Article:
***This clamp is NLA. See my other page on a replacement with a different design***

New idea about a better flexplate clamp.

I was discussing the TBF and its causes with friends, Bert Vellen and Kees Koese of Koese Engineering. After the usual debate we decided to agree: it takes  a proper clamp to defeat the migration of the clamp and prevent Thrust bearing failures. Kees liked the idea and came up with a design that made it to the testing grounds. 

this is the new TT clamp that I fitted.
It is special made and designed by a friend, Kees Koese, and serves to replace the old flimsy clamp that fails to firmly hold the TT to the flexplate. Slipping of the clamping eventually results in a huge pressure on the thrust bearing which will wear fast and ultimately cause an engine failure.

Required tools:
- 8mm hex key
- 13mm ring spanner and socket
- 19mm ring spanner or socket
- large screwdriver
- small (I used a 100mm) grinder
- bit of paint to mark the position
- optional: micrometer to check the crank thrust bearing play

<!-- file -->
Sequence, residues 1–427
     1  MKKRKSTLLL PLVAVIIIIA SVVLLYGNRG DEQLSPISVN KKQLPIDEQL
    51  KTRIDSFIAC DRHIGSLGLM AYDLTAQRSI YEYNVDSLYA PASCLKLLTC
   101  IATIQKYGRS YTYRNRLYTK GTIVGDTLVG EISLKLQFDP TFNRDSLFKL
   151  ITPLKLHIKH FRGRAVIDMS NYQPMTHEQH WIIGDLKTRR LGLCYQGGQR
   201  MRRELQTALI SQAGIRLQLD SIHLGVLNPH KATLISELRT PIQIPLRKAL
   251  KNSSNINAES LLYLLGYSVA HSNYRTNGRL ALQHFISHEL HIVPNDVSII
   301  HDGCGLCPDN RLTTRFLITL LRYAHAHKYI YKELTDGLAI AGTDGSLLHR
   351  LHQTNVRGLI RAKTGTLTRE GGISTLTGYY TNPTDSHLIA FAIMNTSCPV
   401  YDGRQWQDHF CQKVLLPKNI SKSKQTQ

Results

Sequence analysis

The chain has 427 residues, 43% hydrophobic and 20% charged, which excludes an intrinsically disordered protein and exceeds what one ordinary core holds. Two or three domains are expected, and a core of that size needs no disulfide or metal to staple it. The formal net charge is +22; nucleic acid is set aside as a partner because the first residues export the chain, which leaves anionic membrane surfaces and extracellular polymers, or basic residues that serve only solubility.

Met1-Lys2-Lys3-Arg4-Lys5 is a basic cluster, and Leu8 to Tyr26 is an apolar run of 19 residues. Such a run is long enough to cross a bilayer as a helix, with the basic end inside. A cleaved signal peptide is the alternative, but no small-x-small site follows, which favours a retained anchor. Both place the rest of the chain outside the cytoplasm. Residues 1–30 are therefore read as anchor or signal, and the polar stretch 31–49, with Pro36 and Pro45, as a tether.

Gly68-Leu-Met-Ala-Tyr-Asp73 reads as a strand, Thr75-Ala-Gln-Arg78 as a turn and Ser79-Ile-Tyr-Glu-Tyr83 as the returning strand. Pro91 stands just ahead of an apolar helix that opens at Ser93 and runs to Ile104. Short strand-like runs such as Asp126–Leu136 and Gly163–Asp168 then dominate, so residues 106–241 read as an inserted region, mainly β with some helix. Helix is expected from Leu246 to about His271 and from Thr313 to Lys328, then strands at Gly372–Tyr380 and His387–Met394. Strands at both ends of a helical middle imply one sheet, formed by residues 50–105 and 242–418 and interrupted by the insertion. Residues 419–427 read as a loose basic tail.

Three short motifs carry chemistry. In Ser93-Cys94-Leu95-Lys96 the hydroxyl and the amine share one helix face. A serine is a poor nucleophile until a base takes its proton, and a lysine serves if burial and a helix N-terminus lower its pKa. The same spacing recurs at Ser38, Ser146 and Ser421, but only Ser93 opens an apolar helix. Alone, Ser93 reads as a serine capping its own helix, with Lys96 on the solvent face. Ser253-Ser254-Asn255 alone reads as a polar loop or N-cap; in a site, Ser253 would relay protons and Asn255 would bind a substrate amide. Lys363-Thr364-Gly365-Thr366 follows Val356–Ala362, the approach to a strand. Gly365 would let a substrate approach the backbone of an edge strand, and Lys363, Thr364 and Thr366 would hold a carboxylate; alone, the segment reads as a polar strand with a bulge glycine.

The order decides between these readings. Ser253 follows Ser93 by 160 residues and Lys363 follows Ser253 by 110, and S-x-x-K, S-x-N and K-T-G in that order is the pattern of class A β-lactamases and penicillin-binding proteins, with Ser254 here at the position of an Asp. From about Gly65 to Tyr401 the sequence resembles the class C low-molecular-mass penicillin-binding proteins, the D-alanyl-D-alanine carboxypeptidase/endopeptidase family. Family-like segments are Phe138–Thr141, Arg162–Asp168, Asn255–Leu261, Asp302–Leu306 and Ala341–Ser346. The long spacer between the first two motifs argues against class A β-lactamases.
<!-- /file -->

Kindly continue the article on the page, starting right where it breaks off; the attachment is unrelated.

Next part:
This is a step by step to fit the new clamp:
1. remove the rear side bottom cover of the engine bay. This is 9x 8mm parkers.

2. put a lift under the exhaust to prevent it from fully dropping down at any time.

3. remove the 6x 13mm bolts that hold the exhaust to the manifold headers. Pay attention to what comes out where. There is two longer bolts, two brackets and one distance piece. The distance piece goes between the exhaust and the bracket at the driver side. The pass. side bracket goes on the nut-side of the bolt, opposite to the driver side. Remove the large 19mm bolts that hold the bracket to the engine. That makes it easier to bolt it back later.

4. gently lower the exhaust 2 cm. Not much more, and pay attention to the O2 (Lambda) sensor in the exhaust. Do not pull on that wire, and it is a pain in the but to remove the O2 sensor so let it stay untouched.

5. loosen the 4x 13mm bolts that hold the flexplate cover and use a flat 13mm ring wrench to loosen and remove the 2x 13mm that are just above the cat. These are the difficult ones. The fairly long bolts need to be loose, don't bother taking them out first as there is little room. Just take the cover off towards the engine.

6. enjoy the old clamp for one last time. Turn the engine clockwise until you can reach the clamp bolt. I do this by using a long flat ring spanner on the bolts in the flexplate. 15mm I think. That is the easy way. Remove the hex bolt.